will not face charges because the officer was operating under the impression that he was responding to a hostage situation.A Kansas district attorney announced yesterday that a police officer who shot an unarmed man on his own porch
The fatal shooting of Andrew Finch in Wichita, Kansas, drew national attention in December, as it appeared to be the first case of a "Swatting" call turning deadly. "Swatting" is a particularly nasty prank in which someone calls 911 and falsely claims to be involved in a dangerous hostage situation, drawing a SWAT raid to somebody else's home and terrifying the targets.
In this case, a Los Angeles man reportedly made the false call as a result of some video game dispute. Finch wasn't even involved in the dispute; the suspect, Tyler Barriss, was given Finch's address by the person he was arguing with. Barriss allegedly called 911 and claimed to have shot his own dad at Finch's address and to be holding a family hostage.
Police arrived armed and prepared for a hostage situation. According to Finch's family, Finch saw the police lights outside and—not realizing that his own home was their target—went out on the front porch to see what was happening. Ten seconds later he was shot and killed by police.
District Attorney Marc Bennett investigated the shooting. His conclusion:
The officer believed Mr. Finch was the suspect who had shot his own father and had been holding his younger brother and mother hostage. This officer perceived these movements by Mr. Finch and believed the subject that he was looking at, Mr. Finch, was reaching for the gun that he would have used to shoot his father moments earlier. The officer believed he saw a gun come up in Mr. Finch's hands. The officer stated that he discharged his weapon, thinking that Mr. Finch presented an imminent risk to the officers.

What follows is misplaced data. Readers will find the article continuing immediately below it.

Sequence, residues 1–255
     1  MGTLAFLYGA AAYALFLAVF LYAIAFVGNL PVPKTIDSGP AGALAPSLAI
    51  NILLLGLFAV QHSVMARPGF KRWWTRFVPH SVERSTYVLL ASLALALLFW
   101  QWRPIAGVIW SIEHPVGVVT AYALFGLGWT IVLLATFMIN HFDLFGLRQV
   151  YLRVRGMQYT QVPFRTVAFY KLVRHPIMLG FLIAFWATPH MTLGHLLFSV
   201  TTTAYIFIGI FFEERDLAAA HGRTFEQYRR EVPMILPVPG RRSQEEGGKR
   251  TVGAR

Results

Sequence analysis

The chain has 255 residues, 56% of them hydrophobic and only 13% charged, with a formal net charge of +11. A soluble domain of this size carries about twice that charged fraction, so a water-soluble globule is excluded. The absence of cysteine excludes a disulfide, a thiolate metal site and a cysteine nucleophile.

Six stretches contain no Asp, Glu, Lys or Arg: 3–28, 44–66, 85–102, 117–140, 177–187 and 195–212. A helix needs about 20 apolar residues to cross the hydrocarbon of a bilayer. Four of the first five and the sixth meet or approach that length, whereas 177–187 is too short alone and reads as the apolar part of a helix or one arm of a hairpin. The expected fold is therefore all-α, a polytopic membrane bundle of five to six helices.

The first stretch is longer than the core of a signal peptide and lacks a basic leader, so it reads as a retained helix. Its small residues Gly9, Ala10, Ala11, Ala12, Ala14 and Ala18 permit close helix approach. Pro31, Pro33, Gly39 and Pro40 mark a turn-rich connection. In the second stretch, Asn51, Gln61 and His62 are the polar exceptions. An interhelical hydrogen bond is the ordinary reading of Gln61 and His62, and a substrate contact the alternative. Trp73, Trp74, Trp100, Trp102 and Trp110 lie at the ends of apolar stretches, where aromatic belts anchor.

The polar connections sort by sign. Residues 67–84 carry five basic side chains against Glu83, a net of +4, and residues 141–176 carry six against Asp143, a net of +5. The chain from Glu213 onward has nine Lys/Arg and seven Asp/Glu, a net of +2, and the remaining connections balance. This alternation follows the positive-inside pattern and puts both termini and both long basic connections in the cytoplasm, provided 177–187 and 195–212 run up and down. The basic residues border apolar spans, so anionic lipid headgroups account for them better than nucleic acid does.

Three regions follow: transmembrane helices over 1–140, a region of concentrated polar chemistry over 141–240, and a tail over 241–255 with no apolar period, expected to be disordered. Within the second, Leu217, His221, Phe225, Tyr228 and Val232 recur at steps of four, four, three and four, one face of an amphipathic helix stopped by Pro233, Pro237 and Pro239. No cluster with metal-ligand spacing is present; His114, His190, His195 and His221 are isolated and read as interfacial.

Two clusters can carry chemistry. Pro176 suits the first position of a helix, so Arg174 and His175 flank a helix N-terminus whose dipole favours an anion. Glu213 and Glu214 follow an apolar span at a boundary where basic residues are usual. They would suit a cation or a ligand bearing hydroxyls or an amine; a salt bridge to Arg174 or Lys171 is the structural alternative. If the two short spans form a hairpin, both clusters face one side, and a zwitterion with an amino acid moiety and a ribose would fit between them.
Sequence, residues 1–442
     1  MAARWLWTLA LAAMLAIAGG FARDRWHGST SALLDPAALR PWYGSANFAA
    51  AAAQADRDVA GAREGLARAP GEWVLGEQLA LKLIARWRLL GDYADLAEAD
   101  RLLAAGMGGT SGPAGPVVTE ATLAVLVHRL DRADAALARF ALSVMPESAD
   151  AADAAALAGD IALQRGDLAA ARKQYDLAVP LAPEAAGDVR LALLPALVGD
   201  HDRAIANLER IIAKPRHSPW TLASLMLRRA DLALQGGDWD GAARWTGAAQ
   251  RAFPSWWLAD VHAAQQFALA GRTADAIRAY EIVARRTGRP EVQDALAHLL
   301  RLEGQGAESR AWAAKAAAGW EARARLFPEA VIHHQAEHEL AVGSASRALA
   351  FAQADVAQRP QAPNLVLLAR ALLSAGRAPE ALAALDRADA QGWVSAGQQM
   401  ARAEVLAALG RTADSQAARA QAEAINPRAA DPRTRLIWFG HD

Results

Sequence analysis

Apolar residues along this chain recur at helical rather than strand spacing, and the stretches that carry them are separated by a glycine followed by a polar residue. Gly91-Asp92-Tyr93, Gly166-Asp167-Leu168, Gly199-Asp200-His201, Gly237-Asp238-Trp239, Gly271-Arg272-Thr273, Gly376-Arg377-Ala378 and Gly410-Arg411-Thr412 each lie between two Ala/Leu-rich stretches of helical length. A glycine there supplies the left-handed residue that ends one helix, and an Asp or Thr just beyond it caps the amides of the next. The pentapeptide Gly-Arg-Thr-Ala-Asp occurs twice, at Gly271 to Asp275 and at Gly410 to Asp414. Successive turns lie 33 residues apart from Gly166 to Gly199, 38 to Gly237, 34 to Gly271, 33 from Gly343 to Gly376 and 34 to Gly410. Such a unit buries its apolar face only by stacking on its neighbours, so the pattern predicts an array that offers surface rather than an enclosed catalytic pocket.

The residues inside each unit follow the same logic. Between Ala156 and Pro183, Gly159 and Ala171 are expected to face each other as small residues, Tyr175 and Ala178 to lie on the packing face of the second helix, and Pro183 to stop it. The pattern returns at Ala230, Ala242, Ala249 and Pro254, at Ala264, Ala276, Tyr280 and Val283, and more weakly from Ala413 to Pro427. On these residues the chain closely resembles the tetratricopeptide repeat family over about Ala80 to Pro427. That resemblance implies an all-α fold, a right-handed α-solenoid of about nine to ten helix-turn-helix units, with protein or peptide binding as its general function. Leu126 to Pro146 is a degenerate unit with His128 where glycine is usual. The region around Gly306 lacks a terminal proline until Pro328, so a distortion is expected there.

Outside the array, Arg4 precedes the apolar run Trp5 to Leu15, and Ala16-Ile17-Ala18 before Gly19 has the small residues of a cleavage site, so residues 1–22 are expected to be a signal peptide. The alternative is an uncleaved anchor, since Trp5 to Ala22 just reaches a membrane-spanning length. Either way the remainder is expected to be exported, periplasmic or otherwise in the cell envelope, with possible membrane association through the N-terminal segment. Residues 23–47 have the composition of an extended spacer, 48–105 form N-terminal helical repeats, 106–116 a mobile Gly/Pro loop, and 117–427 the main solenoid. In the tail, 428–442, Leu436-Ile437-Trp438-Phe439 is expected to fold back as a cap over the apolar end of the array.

But Finch didn't have a gun, he wasn't an imminent risk, and there was no hostage situation. The police have been granted permission to shoot to kill on the basis of a prank call. The Wichita Eagle notes that because the officer isn't being charged, the police won't even release the cop's name. The family is suing in civil court as well, but the city (and the taxpayers) will be held accountable for a financial settlement, not the police department.
This is a terrible decision for a couple of reasons. First, it reinforces a culture in which officers are permitted to shoot and kill anybody on the basis of their own fears and to believe the worst in any encounter. This law enforcement culture puts all of us at risk in every encounter with police. If a completely harmless man can be shot on his own porch and police can say they thought he was reaching for a weapon, that's a terrible way to protect public safety.
And knowing that police can avoid responsibility for these shootings actually incentivizes "swatting" calls. If police knew they could face consequences for reacting rashly to such calls, they'd be more careful. If they're more careful, their responses to these calls won't cause the results the pranksters want.
Instead, there's a push to increase the penalties for making these swatting calls. Barriss faces manslaughter charges, and various people want to increase the punishment he faces for his role in making this happen. And perhaps he should face tougher penalties. But shielding the police from punishment also shields them from pressure to make changes that would make such shootings less likely. The goal shouldn't just be to punish swatters. Police have to change the way they approach these calls in the first place, in order to make sure there is actually a hostage situation happening. California lawmakers, for example, are considering a bill to change the threshold for police to be permitted to use deadly force; the law would require that there be an imminent threat with no other reasonable alternatives.
Photo Credit: Wichita Police body camera